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We insure all that we love – why don't we protect mother nature?

Climate change remains the greatest global challenge we will face in the coming decades. While nations struggle with the immense human tragedy of the COVID-19 crisis, and the associated economic fallout and societal disruption, we must strive to ensure that climate action does not become a second-tier priority.

From wildfires and extreme weather events to deforestation and reef destruction, we are surrounded by totems of our damaged natural world. At Swiss Re, we believe investing in our natural capital is key to mitigating the impact of climate change, population growth and urbanisation.

Nature has proven its ability to self-heal, capture carbon and reduce the impact of weather-related disasters. But its capacity to continue do so is waning - we need to support it, protecting natural capital and anchoring our infrastructure in nature-based solutions.

The enabling role of insurance

Insurance has an important role in protecting natural assets. We would baulk at the thought of not offsetting risks against bricks and mortar, or our shiny new cars, for example. We also insure our health and take out policies to protect our quality of life. Natural assets have huge environmental, economic, health and societal benefits and can be covered in the same way.

Some of the most effective prevention, damage mitigation and recovery strategies for the natural world take their inspiration from nature itself. Copying nature or designing solutions that lean on its support increases resilience against challenges such as climate change and natural disasters. And insurance can protect and enhance the feasibility of many of these 'nature-based solutions' (NBS).

Insurance is also key to enabling investment in and scaling of green projects and infrastructure. These are key to helping us tackle environmental, economic and social challenges in a sustainable way.

At Swiss Re, we use data to better understand nature and build advanced risk tools that help us and our clients plan better and make more informed decisions. Using this information, we also work with governments to support their planning and, ultimately, strengthen their resilience strategies.

Nature’s close ties with the economy

The interdependency between nature and the economy is often under-appreciated. Natural capital and ecosystem services contribute significantly towards the national wealth of many countries. Our recent Biodiversity end Ecosystems Services Index shows that 55% of global GDP is dependent on intact ecosystems.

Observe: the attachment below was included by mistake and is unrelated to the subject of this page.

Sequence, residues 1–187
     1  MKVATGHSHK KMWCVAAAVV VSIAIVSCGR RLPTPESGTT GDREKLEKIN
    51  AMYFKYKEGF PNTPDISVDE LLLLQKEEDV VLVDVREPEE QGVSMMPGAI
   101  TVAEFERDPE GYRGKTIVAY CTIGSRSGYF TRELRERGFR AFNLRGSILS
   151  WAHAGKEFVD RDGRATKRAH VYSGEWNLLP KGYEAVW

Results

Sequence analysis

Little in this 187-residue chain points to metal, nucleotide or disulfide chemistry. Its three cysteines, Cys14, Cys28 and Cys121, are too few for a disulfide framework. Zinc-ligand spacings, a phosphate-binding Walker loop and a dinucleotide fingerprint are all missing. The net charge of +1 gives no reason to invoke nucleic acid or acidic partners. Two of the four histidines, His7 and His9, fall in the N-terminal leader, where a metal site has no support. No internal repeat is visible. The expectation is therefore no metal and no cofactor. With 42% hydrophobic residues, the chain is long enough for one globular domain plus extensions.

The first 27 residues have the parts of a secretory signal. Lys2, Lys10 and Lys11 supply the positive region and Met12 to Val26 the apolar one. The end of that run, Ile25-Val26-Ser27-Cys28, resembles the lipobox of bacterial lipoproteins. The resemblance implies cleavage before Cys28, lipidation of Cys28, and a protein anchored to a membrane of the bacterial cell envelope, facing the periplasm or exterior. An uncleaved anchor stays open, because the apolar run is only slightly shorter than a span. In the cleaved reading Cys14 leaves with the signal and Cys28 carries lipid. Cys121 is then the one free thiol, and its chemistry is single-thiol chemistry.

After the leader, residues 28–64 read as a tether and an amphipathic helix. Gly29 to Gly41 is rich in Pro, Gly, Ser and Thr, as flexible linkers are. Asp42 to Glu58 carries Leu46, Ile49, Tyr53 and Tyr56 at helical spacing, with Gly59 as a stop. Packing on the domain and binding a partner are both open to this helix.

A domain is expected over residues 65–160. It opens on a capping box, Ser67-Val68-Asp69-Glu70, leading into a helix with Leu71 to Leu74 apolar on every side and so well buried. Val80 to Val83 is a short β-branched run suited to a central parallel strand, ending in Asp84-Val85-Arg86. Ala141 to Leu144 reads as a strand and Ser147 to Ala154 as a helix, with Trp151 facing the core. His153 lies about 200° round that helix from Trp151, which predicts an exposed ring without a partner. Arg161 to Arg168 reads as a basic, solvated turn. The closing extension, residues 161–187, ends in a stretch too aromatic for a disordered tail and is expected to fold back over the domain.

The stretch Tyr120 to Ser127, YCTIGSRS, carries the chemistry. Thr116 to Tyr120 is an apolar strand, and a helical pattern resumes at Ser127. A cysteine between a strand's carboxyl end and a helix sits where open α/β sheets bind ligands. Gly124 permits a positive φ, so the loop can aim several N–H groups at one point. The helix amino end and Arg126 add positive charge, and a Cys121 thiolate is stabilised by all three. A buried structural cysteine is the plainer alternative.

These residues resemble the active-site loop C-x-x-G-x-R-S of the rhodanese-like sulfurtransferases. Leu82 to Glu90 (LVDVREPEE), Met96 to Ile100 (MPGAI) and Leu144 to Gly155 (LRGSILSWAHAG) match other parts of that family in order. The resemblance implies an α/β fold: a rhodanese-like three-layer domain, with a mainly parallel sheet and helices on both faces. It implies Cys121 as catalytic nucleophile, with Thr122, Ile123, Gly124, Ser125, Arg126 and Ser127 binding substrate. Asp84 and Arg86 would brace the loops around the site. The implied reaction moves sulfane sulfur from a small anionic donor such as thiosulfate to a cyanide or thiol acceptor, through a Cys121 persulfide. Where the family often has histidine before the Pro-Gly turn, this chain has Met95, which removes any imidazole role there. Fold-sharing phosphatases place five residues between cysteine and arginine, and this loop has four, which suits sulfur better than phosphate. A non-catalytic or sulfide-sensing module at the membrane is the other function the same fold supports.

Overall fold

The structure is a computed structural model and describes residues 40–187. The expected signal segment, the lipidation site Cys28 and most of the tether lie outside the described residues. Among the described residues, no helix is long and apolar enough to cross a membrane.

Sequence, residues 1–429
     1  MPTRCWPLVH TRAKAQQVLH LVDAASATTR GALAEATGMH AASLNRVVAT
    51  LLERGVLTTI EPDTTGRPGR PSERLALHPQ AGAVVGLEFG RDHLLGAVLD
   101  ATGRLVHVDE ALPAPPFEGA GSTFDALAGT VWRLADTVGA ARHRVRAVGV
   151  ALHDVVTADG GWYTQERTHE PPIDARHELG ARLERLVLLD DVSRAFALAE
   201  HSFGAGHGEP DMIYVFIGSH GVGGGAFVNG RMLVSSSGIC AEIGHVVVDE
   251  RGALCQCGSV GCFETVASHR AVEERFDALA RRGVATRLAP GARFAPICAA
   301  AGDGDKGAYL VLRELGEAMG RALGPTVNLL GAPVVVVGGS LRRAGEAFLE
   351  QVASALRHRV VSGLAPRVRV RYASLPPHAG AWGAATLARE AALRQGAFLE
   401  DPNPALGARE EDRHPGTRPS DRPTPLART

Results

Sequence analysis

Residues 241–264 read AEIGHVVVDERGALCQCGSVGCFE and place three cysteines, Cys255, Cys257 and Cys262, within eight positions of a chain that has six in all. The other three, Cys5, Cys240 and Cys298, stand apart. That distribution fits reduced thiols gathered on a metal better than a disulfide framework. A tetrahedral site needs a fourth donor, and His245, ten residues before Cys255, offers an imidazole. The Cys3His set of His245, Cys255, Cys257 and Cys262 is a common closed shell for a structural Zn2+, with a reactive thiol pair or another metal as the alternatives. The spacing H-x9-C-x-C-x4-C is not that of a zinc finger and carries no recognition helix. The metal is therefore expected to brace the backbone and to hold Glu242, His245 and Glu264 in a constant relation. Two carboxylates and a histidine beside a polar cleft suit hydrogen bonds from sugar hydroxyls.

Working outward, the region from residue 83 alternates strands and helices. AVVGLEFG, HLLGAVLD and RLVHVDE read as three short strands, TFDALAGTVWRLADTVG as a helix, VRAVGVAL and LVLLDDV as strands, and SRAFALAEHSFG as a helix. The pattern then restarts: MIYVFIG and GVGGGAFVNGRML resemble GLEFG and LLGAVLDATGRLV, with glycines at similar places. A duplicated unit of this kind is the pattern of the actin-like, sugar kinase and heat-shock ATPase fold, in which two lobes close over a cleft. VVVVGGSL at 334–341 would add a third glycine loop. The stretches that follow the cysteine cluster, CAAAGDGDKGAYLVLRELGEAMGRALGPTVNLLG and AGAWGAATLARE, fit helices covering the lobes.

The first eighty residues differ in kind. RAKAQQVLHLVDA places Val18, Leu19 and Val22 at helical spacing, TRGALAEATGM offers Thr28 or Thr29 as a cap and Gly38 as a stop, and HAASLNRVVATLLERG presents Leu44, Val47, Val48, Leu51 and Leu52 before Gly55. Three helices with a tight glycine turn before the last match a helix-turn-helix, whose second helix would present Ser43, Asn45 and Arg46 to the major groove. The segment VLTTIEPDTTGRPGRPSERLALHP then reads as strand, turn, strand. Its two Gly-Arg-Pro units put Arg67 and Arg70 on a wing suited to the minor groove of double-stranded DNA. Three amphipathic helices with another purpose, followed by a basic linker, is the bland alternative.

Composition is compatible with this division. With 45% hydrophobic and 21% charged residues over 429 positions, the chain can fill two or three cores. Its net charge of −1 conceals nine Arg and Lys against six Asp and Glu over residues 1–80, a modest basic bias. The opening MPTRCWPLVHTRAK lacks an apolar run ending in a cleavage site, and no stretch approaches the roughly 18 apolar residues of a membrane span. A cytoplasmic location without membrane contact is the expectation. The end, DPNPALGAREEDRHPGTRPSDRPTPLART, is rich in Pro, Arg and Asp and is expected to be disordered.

In 2017, Swiss Re launched a new insurance solution to protect the Mesoamerican reef, and the associated tourism revenue, from storm damage. The product ensures that after a storm, funds are quickly disbursed, enabling community members to rapidly start restoration actions and minimise coral damage. This is a model that can be scaled up and replicated elsewhere, with fast pay-outs and underpinning rapid action that prevents further damage. This was recently proven during Hurricane Delta, when it hit Quintana Roo in October and triggered a payout that enabled the stabilisation of uprooted coral colonies, and the collection and replanting of broken coral fragments, many of which will now grow as new coral colonies.

Sustainable by design

Considering the ecological impact of projects as part of the design is another key component to sustainability and building in resilience. Insurance products can be used to encourage more sustainable building, using natural materials. A unique project in the Netherlands last year is a good example of this. Swiss Re provided construction risk cover to move 5 million cubic metres of sand around the island of Texel to create a new coastline and mitigate erosion risk. The project not only protected the tourism revenue of this World Heritage Site, but also delivered financial benefits, with enhanced fish production, climate regulation, water quality regulation.

Canada, too, is showing great leadership in addressing climate risks and protecting its natural capital. Each year, $5.3 billion is needed to help adapt infrastructure (including buildings, dikes and roads) to physical climate risks, according to an estimate from the Federation of Canadian Municipalities and the Insurance Bureau of Canada. The country is home to approximately one-quarter of the world’s remaining wetlands – often described as one of the Earth’s most productive ecosystems. Wetlands, coastal marshes, dune systems and riparian forests all help protect Canadian communities from flooding. Insurance is playing a vital role, helping municipalities and facilitating investment in these natural assets, including protection and sustainable construction. In turn, this is creating jobs, economic stability and more resilient communities.

COVID-19 has taught us about the importance of having a comprehensive view on risks, being prepared for extreme events and investing in the right prevention system. As we look towards recovering from this crisis, we need to ensure we bring these lessons to bear in our climate adaptation strategies.

Our ability to shape a low-carbon future and build more sustainable economies depends on our ability to scale and accelerate nature-based solutions. We can only achieve this with significant and sustained investment in nature and ecosystem services, which insurance helps to protect and enable.

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